Although Jean expressed it in a different way than I would, I happen to agree that killing innocent, penned-up animals who have no say in the so-called “sport” of hunting is, well, murder. What else can you call it? And I really, really question the mentality of anyone who would enjoy taking such a life. Where is the compassion? Where is the empathy?

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      Comment on Meaning of "murder" (April 4th, 2014 at 12:24)

      Meaning of "murder"

      While this practice may be repulsive (I am not attracted to hunting in the least, though I don’t have any argument on principle with those who do it, wildlife management is a thing that needs doing), “murder” is by definition the killing of another human being, and has meant just that for ages.

      The language we use matters and calling it murder, as I notice many are starting to do, subtly elevates animals to the level of humans. There are other descriptive terms (“slaughter”, “killing”, etc) that I think convey the meaning without twisting the language.

      I also don’t think it is thoughtful of those human victims of true psychotic killers and mass murderers (to use the terms Jean uses above).

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    Lee Ann
    Comment on The Amish and Deer Farming (April 4th, 2014 at 15:57)

    I suspect that the deer, whose life is just as important to it as my life is to me, and who is as capable of feeling pain and fear as I am, may not share your definition, Eric. I do understand your point, but I think that this species-centric vocabulary helps to justify doing unspeakable atrocities, as long as the atrocities aren’t done to humans. I think it is time we broaden our circle of compassion to include all living beings.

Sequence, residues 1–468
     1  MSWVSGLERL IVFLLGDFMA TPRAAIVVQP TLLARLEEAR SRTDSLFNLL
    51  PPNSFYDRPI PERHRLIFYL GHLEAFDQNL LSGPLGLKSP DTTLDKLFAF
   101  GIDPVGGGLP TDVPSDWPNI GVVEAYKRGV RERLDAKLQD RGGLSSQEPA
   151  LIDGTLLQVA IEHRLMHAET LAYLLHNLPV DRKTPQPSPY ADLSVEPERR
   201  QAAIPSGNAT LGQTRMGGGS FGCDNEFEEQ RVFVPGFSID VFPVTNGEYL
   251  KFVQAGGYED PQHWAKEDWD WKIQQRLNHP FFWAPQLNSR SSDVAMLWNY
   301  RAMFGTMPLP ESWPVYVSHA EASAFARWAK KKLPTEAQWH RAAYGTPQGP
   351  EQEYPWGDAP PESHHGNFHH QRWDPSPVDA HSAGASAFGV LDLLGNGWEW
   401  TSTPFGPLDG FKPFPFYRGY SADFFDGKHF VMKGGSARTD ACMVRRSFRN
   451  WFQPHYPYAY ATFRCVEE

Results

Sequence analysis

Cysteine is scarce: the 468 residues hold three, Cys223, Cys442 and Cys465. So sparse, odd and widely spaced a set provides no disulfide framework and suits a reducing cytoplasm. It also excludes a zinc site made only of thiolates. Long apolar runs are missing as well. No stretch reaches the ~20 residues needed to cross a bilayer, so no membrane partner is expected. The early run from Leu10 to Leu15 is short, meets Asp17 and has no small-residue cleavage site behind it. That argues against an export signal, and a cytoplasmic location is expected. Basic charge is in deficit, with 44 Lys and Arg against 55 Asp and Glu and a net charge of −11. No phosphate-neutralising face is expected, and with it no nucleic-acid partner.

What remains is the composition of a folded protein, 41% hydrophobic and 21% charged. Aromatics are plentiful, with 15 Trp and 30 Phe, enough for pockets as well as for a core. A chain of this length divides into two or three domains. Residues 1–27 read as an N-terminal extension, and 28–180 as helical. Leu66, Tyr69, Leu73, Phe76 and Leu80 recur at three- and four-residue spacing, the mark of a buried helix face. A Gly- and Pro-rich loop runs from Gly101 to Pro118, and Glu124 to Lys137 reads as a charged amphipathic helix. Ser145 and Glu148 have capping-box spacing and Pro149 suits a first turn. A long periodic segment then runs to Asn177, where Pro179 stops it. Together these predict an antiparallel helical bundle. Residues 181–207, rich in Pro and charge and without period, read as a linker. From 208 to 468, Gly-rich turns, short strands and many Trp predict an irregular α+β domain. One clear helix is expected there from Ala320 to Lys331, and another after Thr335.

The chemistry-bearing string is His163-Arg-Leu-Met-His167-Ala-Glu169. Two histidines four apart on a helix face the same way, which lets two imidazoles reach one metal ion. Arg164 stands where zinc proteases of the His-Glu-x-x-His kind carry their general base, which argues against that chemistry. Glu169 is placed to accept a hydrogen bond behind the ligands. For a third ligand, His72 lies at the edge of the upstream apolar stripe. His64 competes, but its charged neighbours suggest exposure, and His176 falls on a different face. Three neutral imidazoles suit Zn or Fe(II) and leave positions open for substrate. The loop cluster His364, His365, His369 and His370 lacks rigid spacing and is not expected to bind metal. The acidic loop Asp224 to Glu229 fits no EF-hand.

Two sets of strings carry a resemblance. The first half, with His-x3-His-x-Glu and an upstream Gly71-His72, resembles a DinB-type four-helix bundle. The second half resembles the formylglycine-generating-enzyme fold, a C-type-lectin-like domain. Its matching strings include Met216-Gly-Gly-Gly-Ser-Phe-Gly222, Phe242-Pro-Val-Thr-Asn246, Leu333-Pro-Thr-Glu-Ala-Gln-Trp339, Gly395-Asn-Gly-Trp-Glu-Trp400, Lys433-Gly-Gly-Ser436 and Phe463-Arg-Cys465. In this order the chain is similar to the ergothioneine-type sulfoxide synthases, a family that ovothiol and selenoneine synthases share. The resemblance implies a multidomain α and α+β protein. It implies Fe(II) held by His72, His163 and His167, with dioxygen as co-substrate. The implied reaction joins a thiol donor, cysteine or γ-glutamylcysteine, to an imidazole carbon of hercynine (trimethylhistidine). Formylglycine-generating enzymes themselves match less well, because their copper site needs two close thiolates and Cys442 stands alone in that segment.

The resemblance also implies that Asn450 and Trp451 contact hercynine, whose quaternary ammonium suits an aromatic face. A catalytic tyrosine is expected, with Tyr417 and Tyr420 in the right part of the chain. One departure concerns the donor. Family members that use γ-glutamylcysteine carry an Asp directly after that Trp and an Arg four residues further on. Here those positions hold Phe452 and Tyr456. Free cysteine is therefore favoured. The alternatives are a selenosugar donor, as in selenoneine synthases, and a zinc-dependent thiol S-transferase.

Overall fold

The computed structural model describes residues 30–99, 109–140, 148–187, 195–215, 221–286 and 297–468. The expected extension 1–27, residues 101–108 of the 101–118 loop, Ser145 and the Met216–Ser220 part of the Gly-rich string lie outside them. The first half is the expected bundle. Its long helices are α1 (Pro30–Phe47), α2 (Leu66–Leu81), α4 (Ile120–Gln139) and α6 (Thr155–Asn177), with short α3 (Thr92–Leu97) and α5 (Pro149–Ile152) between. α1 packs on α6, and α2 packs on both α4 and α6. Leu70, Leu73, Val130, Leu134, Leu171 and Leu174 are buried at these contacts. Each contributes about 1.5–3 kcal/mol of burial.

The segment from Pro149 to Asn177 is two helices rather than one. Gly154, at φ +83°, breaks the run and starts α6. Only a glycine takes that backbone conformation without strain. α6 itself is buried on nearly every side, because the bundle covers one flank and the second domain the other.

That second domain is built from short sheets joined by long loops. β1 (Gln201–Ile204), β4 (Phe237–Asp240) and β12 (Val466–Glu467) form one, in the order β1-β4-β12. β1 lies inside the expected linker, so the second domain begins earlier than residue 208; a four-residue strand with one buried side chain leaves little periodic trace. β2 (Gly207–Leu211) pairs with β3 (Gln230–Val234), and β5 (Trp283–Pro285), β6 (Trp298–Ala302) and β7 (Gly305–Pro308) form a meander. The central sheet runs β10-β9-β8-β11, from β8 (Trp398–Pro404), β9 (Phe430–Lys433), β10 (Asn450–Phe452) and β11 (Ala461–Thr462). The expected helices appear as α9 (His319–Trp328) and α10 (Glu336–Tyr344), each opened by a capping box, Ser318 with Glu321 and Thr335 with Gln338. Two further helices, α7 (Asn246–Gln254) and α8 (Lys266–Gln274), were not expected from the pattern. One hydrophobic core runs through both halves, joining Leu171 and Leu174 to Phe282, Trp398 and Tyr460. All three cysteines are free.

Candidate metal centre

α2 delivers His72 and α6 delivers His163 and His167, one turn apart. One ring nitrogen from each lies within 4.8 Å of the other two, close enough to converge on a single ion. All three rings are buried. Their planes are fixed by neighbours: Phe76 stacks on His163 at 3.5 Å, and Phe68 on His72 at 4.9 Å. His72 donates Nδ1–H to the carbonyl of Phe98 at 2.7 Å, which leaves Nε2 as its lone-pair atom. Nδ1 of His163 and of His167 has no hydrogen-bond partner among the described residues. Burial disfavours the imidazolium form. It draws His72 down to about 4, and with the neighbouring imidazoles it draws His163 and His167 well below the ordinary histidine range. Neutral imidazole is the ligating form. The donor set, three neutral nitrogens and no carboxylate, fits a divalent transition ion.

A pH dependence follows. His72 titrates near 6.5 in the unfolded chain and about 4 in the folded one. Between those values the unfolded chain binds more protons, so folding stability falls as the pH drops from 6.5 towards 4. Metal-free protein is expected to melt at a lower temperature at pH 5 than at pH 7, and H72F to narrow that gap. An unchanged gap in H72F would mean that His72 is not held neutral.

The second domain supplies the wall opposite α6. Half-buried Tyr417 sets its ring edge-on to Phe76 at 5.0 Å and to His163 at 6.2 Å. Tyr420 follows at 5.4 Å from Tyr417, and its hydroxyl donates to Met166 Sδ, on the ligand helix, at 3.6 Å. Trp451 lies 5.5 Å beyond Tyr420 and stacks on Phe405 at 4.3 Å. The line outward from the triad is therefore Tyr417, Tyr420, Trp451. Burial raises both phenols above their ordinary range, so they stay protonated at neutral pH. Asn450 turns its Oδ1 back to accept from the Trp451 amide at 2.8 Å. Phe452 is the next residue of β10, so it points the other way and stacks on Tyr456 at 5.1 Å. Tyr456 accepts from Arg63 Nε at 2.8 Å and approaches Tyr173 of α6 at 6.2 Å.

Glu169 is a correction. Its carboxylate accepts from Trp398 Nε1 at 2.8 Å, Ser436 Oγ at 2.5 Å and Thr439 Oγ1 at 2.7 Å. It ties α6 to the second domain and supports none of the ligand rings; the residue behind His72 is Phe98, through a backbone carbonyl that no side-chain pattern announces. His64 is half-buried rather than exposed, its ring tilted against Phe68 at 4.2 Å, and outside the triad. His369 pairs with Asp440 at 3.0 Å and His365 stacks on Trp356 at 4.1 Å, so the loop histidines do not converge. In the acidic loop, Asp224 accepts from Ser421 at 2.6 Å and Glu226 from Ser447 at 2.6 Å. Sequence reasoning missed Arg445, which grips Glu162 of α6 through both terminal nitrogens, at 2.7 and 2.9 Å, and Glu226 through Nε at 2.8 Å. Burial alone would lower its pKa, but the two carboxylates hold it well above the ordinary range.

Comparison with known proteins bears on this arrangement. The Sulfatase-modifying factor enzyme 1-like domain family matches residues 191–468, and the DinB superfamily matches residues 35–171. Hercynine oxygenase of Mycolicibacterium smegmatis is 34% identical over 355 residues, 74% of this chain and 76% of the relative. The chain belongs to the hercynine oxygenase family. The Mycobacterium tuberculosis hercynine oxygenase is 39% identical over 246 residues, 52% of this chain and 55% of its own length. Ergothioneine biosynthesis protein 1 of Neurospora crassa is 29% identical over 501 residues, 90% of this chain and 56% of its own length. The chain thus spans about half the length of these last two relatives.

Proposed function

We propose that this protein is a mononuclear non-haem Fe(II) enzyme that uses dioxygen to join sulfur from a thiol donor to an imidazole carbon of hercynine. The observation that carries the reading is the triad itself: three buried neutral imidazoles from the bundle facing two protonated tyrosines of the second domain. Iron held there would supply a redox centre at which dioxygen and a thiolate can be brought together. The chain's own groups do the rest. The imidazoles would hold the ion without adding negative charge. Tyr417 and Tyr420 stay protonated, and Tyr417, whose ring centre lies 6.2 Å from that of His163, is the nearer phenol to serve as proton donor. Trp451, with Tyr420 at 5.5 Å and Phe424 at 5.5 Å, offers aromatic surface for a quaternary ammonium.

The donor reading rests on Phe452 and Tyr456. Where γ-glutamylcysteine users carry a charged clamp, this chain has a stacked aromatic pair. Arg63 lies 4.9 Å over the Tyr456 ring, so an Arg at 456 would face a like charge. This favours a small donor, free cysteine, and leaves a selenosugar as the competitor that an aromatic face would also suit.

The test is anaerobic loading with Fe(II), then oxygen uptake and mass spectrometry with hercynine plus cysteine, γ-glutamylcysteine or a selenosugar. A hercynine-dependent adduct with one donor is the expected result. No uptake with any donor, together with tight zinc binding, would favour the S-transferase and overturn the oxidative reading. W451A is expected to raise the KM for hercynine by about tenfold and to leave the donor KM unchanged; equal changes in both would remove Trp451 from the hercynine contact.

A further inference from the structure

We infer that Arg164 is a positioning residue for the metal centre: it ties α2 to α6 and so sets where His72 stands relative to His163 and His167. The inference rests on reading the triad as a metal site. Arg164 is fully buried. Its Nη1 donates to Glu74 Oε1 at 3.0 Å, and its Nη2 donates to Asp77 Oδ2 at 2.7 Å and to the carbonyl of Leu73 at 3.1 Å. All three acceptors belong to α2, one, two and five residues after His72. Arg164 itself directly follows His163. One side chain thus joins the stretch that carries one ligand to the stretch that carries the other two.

I do not think, however, that it is appropriate to consider those who kill to be psychotic. Psychosis is a serious mental illness, and most atrocities are not committed by psychotic individuals, but by those who lack compassion or a conscience, individuals who are otherwise considered to be “in their right mind”.

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      Comment on The Amish and Deer Farming (April 4th, 2014 at 17:32)

      Just to clarify, it’s not “my” definition, it’s the widely accepted definition of the term found in any major dictionary, and what the word has long been understood to mean in society.




      I take your point about the deer’s desire for self-preservation, but there is a difference between humans and animals and I believe our vocabulary is part of maintaining that.

      This is not a justification of cruelty to animals (I am sympathetic to the argument that hunting is a form of cruelty particularly in cases when there is not an instant kill)…how animals are used for food and in other ways by humans is another discussion in itself. For that matter all of us who eat meat or wear animal products implicitly accept the killing of animals, even though we might not spend much time thinking about it.

      I do appreciate your points about psychosis and compassion in general.

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        Comment on The Amish and Deer Farming (April 6th, 2014 at 00:13)

        As a hunter myself, I totally like the bolt action pen (above).